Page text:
You have probably already read the news: Mike Jeffries, CEO of Abercrombie & Fitch hates "fat" people. (And by fat he means anything over a size ten, which apparently is as high as the retailer goes.) Although there have been countless stories written on the topic I can't help but to put in my two cents, because I am disgusted.
This isn't the first time I wrote about my disdain for Abercrombie & Fitch. Perhaps a year ago I wrote a piece about the company's practice of marketing sexually suggestive clothing to preteens. This organization simply seems to lack decent values.
If the reports are accurate, Mr. Jeffries believes it is in his company's best interest to market only to cool "beautiful" people. Mr. Jeffries defines beauty by pant size. If you are a size 12 ladies, I'm sorry you are simply too "ugly" for Abercrombie & Fitch. I didn't believe what I read, so I visited the A&F website to verify and in fact, some of their pants go up to only a size 6 or 8, which is well below the size of our average American woman.
The whole thing is simply offensive. One could argue that the store has a right to sell what they want and target whatever market they choose. I believe that. Stores catering to petite women is not a new concept, and honestly I don't believe there is anything wrong with that in and of itself. One store can't be everything to everyone. Back in my days of suits and heels I was known to shop at Petite Casuals from time to time and I never, ever could buy anything at Ann Taylor, the brand simply did not make clothes that looked good on my figure. We have plus sized stores, stores for preppy girls, party girls and chicks who want to look like prostitutes. Each store is targeted to a different population-as it should be. What I take issue with is the exclusionary attitude of A&F's CEO, only thin people are beautiful, cool and popular. Screw that.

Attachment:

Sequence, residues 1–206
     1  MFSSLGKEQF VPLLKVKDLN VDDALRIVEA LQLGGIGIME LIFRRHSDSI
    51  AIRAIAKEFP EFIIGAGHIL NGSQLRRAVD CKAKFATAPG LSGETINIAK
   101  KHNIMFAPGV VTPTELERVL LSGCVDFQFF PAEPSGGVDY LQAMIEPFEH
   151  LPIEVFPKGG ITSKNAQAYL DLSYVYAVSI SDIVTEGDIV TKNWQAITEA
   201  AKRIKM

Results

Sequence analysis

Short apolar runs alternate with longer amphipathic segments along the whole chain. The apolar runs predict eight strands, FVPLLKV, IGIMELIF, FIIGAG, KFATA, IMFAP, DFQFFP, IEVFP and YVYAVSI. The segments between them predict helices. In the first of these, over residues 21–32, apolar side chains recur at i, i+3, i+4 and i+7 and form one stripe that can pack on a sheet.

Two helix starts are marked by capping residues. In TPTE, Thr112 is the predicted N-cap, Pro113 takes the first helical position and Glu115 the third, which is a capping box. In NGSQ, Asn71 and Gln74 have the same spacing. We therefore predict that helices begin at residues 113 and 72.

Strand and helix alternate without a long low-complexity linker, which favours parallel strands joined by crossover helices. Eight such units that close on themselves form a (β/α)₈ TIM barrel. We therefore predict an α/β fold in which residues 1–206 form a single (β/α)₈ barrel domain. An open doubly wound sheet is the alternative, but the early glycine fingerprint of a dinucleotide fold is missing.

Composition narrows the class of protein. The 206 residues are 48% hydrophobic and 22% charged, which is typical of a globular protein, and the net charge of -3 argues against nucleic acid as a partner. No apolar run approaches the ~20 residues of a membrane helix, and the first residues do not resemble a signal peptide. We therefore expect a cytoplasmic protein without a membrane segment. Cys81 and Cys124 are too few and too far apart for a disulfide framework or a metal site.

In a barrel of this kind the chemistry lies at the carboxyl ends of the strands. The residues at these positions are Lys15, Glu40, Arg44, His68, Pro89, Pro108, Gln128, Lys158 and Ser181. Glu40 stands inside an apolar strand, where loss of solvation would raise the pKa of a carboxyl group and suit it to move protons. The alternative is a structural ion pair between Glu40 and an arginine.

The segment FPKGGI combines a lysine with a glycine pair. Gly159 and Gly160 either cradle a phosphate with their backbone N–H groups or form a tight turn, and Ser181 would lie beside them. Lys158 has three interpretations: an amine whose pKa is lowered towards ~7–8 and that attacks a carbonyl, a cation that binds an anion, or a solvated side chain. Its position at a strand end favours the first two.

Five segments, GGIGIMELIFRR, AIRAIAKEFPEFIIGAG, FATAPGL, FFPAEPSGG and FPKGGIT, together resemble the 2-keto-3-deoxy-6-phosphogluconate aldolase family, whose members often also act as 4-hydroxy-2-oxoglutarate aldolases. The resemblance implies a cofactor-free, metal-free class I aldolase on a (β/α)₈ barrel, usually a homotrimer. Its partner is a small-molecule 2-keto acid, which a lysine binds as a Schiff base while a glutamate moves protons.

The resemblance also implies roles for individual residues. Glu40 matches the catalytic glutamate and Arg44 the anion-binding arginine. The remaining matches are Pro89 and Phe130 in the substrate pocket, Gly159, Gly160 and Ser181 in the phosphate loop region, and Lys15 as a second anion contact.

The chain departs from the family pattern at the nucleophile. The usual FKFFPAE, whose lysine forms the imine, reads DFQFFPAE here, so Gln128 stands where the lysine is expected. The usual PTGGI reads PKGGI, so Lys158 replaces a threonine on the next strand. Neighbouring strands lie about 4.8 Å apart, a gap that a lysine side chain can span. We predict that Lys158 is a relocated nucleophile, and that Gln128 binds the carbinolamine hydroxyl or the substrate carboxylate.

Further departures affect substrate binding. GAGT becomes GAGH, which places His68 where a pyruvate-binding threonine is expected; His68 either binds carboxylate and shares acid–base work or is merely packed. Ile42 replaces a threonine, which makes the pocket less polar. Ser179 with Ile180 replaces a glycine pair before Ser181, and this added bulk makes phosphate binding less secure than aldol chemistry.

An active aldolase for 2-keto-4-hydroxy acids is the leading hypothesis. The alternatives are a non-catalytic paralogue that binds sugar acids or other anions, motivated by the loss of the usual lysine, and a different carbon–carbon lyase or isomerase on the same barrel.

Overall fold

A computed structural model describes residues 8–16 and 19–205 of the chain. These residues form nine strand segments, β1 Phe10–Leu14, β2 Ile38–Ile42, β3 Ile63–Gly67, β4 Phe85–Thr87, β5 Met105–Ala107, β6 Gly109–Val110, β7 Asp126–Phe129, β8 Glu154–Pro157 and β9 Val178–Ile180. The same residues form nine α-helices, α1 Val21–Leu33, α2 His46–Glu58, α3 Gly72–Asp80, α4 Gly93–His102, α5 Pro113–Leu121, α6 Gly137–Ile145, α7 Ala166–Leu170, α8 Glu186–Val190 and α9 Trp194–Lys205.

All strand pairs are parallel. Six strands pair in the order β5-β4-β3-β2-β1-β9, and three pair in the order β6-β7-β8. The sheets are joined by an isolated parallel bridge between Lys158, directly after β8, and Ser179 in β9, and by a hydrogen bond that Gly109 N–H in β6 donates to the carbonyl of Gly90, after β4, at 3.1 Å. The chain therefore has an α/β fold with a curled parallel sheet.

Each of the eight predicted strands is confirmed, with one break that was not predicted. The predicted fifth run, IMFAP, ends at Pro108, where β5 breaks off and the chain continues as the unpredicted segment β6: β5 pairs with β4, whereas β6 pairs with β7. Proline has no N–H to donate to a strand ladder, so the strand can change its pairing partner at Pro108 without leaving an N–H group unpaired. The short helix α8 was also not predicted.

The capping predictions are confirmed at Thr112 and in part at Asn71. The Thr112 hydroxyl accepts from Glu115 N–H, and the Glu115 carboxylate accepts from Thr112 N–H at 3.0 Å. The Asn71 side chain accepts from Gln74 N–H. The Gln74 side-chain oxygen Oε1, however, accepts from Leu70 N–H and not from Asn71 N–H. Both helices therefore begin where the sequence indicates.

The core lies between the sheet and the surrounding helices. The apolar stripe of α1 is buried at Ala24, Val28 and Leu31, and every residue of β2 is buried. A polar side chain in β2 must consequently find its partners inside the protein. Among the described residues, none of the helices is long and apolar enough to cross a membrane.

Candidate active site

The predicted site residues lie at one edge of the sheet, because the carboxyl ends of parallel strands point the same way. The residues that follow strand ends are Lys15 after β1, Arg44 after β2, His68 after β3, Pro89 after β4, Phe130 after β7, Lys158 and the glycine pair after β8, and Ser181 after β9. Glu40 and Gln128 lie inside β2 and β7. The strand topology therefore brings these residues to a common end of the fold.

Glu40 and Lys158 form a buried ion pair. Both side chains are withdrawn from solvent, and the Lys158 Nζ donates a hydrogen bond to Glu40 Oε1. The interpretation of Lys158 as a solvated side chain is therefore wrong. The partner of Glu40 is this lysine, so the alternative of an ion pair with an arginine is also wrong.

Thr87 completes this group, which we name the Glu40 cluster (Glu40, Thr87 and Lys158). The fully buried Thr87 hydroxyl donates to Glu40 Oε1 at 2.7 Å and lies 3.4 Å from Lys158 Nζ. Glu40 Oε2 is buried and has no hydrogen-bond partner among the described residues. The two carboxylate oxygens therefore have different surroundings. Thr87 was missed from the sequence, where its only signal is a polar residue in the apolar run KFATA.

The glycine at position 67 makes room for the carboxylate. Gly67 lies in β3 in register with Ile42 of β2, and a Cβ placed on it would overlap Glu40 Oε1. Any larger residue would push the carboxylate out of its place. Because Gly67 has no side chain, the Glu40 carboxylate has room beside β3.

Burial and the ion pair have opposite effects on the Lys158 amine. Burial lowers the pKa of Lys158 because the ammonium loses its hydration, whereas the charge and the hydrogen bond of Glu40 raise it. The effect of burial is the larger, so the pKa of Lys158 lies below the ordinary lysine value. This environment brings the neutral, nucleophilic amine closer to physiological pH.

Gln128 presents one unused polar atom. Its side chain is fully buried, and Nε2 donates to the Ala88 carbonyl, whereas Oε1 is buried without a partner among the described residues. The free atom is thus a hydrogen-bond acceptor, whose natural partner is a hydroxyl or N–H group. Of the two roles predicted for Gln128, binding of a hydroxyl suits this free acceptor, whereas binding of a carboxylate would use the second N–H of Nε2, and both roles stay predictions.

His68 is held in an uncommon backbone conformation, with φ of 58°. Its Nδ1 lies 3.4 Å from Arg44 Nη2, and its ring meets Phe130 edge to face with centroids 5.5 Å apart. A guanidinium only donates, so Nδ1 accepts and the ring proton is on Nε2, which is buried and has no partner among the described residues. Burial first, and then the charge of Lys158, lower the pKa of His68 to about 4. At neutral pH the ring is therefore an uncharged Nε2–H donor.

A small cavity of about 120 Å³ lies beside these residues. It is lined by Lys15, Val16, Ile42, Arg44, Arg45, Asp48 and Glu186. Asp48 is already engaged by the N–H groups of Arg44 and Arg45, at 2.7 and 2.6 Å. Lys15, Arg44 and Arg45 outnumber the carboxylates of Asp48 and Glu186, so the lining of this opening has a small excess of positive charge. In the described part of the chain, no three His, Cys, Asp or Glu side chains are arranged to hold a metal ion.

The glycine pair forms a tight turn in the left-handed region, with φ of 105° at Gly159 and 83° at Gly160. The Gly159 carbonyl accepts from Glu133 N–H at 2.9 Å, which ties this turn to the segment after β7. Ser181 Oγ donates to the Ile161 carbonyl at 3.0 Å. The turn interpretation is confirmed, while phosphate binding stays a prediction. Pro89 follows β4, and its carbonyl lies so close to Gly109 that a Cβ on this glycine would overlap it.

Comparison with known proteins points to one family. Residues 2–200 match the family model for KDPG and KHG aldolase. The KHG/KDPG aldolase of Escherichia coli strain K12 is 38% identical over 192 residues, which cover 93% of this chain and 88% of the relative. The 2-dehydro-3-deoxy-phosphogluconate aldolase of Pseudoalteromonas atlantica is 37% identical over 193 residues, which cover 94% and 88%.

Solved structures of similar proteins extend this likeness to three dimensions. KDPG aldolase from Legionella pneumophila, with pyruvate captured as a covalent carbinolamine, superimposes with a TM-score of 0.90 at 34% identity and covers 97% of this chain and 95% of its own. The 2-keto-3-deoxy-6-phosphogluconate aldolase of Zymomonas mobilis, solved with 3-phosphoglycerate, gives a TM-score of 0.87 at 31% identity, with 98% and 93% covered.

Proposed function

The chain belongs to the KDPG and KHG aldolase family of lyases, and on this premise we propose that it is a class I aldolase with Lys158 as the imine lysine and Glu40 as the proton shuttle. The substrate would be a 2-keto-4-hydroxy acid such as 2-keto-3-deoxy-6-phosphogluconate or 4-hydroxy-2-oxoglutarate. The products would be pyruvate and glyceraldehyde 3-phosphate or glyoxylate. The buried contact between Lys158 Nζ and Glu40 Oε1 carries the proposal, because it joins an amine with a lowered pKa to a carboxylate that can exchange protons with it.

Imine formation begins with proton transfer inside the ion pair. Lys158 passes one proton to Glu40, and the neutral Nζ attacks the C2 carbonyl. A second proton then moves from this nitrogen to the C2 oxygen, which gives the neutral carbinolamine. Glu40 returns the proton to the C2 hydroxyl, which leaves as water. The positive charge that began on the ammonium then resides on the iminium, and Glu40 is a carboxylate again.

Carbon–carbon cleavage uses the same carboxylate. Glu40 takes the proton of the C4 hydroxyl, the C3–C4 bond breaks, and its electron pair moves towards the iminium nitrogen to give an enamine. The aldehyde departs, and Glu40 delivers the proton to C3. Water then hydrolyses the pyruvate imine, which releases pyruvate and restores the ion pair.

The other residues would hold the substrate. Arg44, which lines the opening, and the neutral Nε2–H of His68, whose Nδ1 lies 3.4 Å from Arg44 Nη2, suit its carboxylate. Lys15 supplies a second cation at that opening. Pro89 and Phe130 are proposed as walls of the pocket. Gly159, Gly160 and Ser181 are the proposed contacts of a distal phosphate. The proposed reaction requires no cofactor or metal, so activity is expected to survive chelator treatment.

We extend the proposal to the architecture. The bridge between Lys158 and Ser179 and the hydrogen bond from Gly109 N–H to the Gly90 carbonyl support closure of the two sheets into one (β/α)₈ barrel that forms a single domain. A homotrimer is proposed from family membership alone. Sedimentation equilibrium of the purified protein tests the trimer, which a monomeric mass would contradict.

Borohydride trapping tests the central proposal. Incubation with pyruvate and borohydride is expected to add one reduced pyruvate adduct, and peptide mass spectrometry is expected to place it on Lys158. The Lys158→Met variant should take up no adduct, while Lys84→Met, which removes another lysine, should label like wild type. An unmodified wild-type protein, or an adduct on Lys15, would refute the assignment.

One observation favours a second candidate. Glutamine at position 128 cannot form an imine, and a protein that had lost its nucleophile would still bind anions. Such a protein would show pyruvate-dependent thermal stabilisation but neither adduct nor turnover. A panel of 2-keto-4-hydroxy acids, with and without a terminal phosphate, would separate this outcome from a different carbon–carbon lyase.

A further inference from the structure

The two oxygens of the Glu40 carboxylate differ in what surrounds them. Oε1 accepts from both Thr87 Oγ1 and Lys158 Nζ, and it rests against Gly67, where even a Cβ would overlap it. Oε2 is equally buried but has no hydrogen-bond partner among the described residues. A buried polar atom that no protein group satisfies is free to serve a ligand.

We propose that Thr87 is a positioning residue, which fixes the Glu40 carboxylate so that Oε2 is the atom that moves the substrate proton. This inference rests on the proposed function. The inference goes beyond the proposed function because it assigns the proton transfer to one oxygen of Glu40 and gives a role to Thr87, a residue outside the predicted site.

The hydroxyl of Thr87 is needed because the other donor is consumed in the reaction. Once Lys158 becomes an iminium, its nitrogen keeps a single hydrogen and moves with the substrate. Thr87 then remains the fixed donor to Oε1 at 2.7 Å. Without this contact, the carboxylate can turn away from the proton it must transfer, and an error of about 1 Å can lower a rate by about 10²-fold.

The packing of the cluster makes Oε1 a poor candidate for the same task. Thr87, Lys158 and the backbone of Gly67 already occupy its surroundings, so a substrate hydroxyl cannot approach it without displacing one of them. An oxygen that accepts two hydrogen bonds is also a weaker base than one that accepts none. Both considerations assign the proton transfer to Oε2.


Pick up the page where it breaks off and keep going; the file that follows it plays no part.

I also find it concerning that the company has a kid's line of clothing and presumably they hold girls up to the same standards of beauty as they do adult women. It doesn't take long for a teenage girl with full hips to realize she doesn't belong in that store. The sales people are tiny, the models featured in their advertisements (which usually include horny teenagers fondling each other) are tiny. The company is contributing to a culture that objectifies and sexualizes young girls while demanding that women fit into a single digit size in order to be valued.
Does A&F have the right to do this? Absolutely. Are they morally bankrupt for acting on this right? Absolutely. In a day and age when eating disorders are appearing in younger and younger women, when as a society we are concerned with teen pregnancies and child molestation, what company in good conscience could promote push up bikini tops for little girls and have the company's leader openly chastise "fat" people?
The only conclusion I can make is that A&F is a bad company run by a morally corrupt man, one who surely doesn't have a daughter.
So Dear, Mr. Jeffries, while perhaps I could fit into a pair of your jeans, and have boys that someday may want to shop at your store I vow that I will never, ever spend one single penny at A&F.